SANTA CLARA PUEBLO, N.M. (KRQE) - Dark clouds bring fear to many people in the mountains scarred earlier this year by flames, this time the worry is the flooding.
"This is literally our whole life," Governor Walter Dasheno said.
The governor of Santa Clara Pueblo explains the canyon just above the Puye Cliffs is especially sacred.
"We use this as a sanctuary basically our church for our community because that's what our life is," Dasheno said.
A life of fishing, hunting and meditating is now covered in silt and floating away.
For many parts of the state, damaged in a string of recent wildfires is a familiar sight.
"This is what we're seeing around the west as a result of forest fires and then subsequent to forest fires you see even more damage due to flooding," Senator Tom Udall said.
Pueblo leaders asked senator tom Udall to tour the damage, showing him the work they've done so far.
Clearing out trees and stabilizing drainage ponds, hoping to catch water flowing down a 20 mile stretch above their pueblo.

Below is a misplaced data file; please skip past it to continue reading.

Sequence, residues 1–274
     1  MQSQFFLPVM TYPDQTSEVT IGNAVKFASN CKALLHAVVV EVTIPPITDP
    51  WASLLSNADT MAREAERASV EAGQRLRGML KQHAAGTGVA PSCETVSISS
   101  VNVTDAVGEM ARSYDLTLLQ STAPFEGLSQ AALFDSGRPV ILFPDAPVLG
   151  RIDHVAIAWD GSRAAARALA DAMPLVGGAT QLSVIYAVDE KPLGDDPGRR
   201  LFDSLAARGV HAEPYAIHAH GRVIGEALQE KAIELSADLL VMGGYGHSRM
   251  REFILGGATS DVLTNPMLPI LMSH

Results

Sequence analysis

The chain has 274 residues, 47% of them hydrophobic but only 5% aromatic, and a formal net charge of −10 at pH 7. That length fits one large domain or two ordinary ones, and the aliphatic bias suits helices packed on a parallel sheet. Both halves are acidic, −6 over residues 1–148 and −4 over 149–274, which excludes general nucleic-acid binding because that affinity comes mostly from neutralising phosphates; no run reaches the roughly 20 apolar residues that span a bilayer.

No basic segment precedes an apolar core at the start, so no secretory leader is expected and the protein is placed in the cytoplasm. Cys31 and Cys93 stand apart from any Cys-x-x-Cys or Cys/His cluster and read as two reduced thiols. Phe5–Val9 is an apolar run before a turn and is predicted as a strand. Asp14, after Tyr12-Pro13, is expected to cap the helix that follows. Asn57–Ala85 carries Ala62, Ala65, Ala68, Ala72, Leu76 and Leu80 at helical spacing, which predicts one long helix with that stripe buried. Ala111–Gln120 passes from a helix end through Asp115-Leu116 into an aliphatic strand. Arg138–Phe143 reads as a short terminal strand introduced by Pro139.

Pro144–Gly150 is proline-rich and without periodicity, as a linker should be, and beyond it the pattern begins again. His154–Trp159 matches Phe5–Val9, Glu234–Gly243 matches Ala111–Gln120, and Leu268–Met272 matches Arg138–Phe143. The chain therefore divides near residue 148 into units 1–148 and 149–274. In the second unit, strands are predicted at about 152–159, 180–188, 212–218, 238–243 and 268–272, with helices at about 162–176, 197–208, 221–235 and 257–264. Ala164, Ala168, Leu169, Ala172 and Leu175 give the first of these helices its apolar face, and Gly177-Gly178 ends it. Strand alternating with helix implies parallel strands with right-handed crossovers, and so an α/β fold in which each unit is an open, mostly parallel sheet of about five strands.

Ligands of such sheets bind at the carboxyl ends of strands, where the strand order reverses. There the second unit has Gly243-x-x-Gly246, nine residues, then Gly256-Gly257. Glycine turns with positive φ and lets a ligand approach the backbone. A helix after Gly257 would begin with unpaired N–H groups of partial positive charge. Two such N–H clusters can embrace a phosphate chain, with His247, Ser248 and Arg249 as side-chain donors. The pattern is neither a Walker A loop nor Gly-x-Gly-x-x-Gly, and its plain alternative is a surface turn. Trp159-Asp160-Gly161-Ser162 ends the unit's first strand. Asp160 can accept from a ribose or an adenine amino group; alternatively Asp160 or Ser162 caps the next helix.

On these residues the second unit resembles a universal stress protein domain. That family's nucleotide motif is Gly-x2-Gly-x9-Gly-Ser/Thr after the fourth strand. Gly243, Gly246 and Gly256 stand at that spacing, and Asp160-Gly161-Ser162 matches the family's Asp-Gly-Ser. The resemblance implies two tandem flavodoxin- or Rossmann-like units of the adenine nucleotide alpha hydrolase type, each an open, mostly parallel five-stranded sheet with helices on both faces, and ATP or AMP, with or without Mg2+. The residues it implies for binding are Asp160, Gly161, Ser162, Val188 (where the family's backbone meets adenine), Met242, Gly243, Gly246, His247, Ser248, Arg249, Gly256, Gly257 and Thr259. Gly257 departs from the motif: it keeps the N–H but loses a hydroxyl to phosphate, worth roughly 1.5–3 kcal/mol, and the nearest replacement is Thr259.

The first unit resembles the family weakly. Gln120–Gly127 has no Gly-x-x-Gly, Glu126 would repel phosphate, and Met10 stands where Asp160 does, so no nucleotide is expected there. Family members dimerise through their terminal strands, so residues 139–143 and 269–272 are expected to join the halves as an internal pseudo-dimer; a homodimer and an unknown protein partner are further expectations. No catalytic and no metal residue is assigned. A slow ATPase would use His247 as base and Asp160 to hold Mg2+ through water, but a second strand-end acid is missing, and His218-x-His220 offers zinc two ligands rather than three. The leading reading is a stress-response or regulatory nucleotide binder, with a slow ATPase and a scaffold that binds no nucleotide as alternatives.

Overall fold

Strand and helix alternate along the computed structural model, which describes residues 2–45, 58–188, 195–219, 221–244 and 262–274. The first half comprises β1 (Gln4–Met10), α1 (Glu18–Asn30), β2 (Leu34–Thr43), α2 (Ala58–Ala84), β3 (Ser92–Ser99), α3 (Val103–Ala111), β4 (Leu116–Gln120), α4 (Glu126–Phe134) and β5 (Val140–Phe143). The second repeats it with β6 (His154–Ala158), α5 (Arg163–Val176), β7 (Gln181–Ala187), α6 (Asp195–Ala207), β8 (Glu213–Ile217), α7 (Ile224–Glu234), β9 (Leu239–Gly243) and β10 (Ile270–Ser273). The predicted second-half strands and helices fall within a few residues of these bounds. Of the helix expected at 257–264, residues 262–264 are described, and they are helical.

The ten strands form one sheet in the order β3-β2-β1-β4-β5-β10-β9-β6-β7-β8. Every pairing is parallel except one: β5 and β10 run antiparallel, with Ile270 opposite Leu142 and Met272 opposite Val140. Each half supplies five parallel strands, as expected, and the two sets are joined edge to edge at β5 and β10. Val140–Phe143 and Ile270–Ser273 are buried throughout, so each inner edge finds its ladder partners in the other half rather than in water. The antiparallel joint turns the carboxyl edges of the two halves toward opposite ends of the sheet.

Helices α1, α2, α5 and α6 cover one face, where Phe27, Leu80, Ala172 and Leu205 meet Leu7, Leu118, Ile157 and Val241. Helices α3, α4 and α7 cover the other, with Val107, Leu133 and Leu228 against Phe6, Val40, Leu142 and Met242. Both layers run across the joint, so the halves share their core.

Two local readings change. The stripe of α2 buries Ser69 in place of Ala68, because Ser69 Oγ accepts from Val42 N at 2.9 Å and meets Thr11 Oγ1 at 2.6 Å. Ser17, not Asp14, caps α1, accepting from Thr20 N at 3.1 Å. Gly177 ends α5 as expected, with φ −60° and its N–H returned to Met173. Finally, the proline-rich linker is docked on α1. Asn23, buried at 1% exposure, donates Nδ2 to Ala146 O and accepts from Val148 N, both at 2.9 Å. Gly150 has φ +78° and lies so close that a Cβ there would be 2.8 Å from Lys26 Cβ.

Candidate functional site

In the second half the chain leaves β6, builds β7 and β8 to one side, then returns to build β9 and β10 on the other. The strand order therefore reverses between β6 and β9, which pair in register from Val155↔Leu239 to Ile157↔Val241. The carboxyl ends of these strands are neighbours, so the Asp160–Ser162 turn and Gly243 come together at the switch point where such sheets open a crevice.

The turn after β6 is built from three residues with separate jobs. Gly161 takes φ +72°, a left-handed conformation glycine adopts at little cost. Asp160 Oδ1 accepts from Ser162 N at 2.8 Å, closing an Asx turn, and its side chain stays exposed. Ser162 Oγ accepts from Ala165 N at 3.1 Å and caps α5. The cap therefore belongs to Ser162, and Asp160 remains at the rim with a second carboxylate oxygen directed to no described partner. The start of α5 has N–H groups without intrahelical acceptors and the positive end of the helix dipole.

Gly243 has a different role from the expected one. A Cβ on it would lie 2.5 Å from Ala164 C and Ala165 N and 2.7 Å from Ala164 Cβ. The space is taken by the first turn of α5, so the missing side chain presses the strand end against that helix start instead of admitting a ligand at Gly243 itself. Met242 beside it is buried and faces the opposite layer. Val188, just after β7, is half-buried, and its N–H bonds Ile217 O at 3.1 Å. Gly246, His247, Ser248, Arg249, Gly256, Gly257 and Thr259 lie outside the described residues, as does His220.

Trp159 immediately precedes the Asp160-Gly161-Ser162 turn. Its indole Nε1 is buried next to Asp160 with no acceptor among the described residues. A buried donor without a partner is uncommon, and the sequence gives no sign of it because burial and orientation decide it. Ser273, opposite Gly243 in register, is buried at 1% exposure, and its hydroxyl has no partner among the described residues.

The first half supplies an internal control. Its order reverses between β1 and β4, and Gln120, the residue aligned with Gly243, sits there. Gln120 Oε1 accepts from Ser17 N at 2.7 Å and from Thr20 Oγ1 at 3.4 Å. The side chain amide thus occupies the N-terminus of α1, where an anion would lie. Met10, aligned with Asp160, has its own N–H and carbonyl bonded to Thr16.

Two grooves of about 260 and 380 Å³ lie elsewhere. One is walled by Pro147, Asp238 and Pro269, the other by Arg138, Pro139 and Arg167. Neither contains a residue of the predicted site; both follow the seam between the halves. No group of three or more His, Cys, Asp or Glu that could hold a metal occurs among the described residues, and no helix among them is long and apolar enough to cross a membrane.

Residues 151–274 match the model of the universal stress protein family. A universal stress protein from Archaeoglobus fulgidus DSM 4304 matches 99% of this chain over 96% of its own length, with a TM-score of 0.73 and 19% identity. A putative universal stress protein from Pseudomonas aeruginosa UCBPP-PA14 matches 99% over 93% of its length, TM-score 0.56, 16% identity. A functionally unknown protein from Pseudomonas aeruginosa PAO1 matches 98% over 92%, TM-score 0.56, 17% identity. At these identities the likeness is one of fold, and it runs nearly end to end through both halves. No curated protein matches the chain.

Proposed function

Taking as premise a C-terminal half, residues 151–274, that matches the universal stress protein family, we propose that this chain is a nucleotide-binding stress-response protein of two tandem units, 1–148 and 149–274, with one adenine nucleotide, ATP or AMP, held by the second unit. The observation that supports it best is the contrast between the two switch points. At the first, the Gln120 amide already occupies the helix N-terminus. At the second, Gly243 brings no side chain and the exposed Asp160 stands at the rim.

Thursday those efforts were washed away in a summer storm and funds to fix the problems are not pouring in.
"The earliest time that we would get any type of funding could be 6-9 months and these kind of occurrences can't wait that long," Dasheno said.
By then the monsoons will be over.
The danger is evident.
A backhoe was swallowed up by fast moving waters and the governor doesn't want the pueblo to be next.
"By putting in measures to protect the community that could protect lives and could protect property," Dasheno said.
Right now residents of the Santa Clara Pueblo have been warned they need to be ready to evacuate at a moments notice.
The pueblo estimates it will take $39 million to mitigate the flood damage.
The pueblo has pitched in about 12 percent of that.
Tribal leaders are waiting on matching funding from the state.
A District Court judge has ordered city leaders respond to a petition filed by an animal activist on the city's trap-neuter-return approach of managing feral cats.
Police responded to dozens of weather-related crashes in only a matter of hours Sunday.
A small plane crashed at about 8 a.m. Sunday morning on the Canyon Rim Trail near N.M. 502 and the entrance of Los Alamos.
Sunday night in Albuquerque and around the world people gathered for candlelight vigils to remember the loss of their children.
Department of Agriculture officials are warning customers to not get burned when buying firewood.
Church groups, parents and teachers met Sunday at the 20th annual Albuquerque Interfaith Convention. State education reform was their central focus.